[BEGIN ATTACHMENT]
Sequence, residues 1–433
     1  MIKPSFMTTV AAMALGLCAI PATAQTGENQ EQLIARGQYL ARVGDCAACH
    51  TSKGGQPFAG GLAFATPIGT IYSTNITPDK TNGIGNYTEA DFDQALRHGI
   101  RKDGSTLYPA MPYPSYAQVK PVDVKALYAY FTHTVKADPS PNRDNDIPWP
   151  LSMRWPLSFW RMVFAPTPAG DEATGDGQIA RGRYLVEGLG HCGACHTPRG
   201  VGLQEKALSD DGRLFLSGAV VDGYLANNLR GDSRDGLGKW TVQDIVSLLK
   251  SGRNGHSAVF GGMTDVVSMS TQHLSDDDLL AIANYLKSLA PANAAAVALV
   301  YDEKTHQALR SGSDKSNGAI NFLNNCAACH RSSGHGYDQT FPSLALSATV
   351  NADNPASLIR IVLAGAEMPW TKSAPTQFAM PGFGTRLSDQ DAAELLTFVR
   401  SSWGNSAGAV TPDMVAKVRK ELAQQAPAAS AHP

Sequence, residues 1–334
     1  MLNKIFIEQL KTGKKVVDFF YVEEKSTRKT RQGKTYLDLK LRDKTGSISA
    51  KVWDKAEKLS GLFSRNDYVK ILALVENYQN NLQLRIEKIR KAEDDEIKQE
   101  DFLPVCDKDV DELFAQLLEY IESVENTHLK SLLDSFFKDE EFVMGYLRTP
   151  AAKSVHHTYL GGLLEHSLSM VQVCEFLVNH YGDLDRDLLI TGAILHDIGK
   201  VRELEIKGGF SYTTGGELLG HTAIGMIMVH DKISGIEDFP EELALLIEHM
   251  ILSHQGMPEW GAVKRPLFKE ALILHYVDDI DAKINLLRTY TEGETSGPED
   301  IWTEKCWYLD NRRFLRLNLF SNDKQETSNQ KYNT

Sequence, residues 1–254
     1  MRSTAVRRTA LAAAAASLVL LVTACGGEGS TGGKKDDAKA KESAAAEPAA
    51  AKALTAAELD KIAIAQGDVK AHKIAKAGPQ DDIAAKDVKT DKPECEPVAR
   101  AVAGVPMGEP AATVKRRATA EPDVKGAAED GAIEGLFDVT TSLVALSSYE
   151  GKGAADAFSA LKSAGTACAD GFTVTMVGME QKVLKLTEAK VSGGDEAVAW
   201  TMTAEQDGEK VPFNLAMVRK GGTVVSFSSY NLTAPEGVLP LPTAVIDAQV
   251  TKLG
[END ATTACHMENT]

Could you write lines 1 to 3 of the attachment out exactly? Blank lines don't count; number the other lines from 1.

Sequence, residues 1–433
     1  MIKPSFMTTV AAMALGLCAI PATAQTGENQ EQLIARGQYL ARVGDCAACH
    51  TSKGGQPFAG GLAFATPIGT IYSTNITPDK TNGIGNYTEA DFDQALRHGI